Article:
Alana Hicks is a multidisciplinary creative, whose short film ‘Chicken’ is having its Australian premiere at Sydney’s Flickerfest.
“I am a digital storyteller. I’m a writer and a director, and I’ve been working in the online space for a long time,” Alana explains. “Now, I’m transitioning into making more stories for the screen – in short film and hopefully television one day.”
‘Chicken’ gives audiences a glimpse into what life was like for a mixed-race child growing up in Australia throughout the 1990s, in all its bittersweet nuances.
It tells the story of Barbara; a teenager who wants to hang out and watch 'The Simpsons'. . . But Barbara’s recently migrated mother has just been overcharged at the local supermarket, and it is up to Barbara to break down any communication and cultural barriers, and get to the bottom of it.
The driving force behind all of Alana’s creative endeavours stems from an innate desire to celebrate the way the human experience is ubiquitous, yet entirely unique.
“My work comes from the desire to connect with people about our shared experiences as humans on this planet. I think that some of my stories are deeply personal, but in many ways they are as deeply universal as they are deeply personal when it’s about ‘home’ and what ‘home’ means when it comes to connection to your culture.”
When it comes to Papua New Guinean (PNG) representation, there is undoubtedly a gap in the Australian independent film sector. As a woman of Papua New Guinean descent, Alana relishes the opportunity to bring an array of aspects from her rich culture to the big screen at Flickerfest.
“’Chicken’ is a little bit off-beat. You very rarely hear stories about PNG and I’m just really grateful to be included in Flickerfest – it’s a good fit because it’s a little bit strange, it’s very Australian-centric, and it tells the story of multicultural Australia.
“I think Flickerfest is all about showcasing the natural fabric of our society.”
One of the main aspects of Papua New Guinean culture that Alana is excited to showcase is the unique style of comedy that comes from the Pacific Islands.
“I’m excited to portray Islander comic sensibility – the kind of comedy that comes from the Pacific Islands is very specific in terms of pacing and rhythm. There aren’t traditional punch lines, so I’m super excited to share this type of comedy with audiences that haven’t seen that before because it’s a bit different to how a traditional western comedy film would play out. It’s more about characters and about the world.”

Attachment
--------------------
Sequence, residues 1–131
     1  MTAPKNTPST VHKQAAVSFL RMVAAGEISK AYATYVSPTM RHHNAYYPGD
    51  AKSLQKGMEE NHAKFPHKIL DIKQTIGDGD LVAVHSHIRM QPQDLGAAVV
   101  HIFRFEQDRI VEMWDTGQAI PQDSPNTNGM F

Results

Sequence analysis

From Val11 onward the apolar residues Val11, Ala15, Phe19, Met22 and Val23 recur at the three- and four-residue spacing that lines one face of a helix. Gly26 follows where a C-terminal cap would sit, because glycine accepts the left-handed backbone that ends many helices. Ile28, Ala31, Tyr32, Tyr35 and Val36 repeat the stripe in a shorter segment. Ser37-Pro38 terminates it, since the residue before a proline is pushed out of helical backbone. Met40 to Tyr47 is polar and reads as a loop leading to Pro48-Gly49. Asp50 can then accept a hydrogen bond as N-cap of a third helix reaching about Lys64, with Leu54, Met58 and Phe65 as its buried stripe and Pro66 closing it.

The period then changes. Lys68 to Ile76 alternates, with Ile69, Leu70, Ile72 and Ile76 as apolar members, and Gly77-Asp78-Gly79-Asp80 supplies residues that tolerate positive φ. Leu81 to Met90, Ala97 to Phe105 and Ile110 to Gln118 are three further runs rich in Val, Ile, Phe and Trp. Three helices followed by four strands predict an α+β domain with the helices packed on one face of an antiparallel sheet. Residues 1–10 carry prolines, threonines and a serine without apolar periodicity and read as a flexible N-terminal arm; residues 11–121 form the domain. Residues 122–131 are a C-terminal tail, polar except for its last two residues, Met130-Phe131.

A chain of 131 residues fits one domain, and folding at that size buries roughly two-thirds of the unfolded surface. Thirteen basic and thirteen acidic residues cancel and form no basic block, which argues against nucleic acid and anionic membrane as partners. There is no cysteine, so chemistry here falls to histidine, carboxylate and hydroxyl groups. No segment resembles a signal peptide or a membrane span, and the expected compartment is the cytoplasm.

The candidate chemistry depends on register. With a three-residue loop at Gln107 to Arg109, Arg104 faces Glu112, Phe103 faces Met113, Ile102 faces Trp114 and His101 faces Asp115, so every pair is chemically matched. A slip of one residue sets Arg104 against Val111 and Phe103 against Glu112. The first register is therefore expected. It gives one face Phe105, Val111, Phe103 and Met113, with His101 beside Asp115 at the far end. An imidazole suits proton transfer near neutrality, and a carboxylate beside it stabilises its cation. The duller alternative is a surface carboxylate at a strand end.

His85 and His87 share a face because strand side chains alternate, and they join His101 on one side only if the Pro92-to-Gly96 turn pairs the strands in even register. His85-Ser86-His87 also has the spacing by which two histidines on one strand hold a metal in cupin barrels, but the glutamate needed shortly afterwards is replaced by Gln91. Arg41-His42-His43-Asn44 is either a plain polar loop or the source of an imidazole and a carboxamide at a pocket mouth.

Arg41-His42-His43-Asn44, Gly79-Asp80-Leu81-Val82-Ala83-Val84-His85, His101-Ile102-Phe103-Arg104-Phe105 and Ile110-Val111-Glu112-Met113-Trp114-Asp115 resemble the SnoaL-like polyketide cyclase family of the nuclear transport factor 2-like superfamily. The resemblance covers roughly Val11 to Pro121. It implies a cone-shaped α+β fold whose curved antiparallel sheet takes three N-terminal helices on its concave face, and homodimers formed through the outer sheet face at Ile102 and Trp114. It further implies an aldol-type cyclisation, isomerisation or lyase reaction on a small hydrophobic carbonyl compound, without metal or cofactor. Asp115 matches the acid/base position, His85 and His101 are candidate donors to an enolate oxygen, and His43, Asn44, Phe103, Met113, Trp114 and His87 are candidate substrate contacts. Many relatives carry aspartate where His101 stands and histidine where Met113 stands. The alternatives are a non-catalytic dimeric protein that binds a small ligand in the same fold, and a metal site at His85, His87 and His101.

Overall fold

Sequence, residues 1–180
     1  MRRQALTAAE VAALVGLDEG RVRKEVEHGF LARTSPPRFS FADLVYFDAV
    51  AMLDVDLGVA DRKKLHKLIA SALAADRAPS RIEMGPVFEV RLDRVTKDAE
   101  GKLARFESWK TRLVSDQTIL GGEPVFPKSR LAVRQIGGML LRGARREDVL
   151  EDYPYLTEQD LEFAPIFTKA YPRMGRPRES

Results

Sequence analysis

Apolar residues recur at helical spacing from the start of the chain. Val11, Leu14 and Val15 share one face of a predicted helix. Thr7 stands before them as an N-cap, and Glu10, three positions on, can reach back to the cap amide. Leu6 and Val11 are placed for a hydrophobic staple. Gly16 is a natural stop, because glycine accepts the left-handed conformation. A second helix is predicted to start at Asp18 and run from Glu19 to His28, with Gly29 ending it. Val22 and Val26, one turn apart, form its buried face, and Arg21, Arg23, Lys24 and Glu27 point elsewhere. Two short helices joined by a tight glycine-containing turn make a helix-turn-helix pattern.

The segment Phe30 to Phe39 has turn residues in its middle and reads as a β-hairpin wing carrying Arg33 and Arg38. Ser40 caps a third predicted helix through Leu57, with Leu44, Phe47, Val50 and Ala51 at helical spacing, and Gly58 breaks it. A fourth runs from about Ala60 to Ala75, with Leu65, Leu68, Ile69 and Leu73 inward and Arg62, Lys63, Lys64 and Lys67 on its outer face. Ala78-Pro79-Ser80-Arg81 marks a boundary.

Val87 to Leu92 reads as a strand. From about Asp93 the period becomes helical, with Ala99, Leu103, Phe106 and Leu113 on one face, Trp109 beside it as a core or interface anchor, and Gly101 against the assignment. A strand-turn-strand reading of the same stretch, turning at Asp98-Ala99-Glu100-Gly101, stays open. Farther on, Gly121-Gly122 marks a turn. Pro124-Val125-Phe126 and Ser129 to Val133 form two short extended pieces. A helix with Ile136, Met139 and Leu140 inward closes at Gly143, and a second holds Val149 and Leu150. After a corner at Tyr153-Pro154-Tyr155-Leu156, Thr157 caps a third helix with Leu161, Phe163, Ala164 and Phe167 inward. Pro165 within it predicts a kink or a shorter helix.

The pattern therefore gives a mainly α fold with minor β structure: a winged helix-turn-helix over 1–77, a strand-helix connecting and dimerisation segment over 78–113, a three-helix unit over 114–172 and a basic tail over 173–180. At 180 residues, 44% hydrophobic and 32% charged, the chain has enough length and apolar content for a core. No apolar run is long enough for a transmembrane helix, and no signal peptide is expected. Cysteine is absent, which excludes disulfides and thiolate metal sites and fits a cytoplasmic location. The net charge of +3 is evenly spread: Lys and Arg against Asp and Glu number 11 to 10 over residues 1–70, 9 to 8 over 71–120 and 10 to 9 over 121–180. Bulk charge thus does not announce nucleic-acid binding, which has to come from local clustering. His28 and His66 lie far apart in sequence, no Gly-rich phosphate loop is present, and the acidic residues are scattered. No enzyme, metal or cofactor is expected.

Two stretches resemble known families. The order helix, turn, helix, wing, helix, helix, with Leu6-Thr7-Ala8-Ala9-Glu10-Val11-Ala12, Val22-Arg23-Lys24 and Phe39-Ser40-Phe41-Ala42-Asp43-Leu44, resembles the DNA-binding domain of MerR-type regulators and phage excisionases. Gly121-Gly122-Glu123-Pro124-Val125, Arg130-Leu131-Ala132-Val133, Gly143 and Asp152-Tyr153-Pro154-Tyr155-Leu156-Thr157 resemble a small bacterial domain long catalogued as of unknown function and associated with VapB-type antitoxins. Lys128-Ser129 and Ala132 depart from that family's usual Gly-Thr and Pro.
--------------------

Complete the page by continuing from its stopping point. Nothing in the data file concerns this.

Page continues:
Alana could not think of a better platform to debut her latest work in Australia than Flickerfest.
She feels an intangible connection to Sydney, as the city is her home and also where her film is shot. Flickerfest has always boasted the highest quality of thought-provoking short films, and Alana is thrilled to be on 2020’s line-up.
“I am so excited for Flickerfest, because I know Flickerfest has this strong tradition of including bold and unique Australian perspectives. I want to be part of that tradition: Australian voices that tell the migrant story, the multicultural story – to be part of the fabric of Australian storytelling. Flickerfest does that – it’s very inclusive of all good and strange points of view.”
In light of ‘Chicken’’s international premiere having happened in 2019, the new year will see Alana busier than ever, embarking on a string of new projects, and further developing existing ones.
“I just want to make and create and collaborate. I just want to collaborate with lots of different types of creative artists.
“I’m working with more online narratives – I’m making another online series called ‘The Office At The End’ which is a climate catastrophe set in an office where people refuse to believe that there’s anything going wrong outside.”
Alana Hicks presents 'Chicken' at Flickerfest (Bondi Pavilion) as part of the Best Of Australian 5 programme on 13 January. Flickerfest runs from 10-19 January.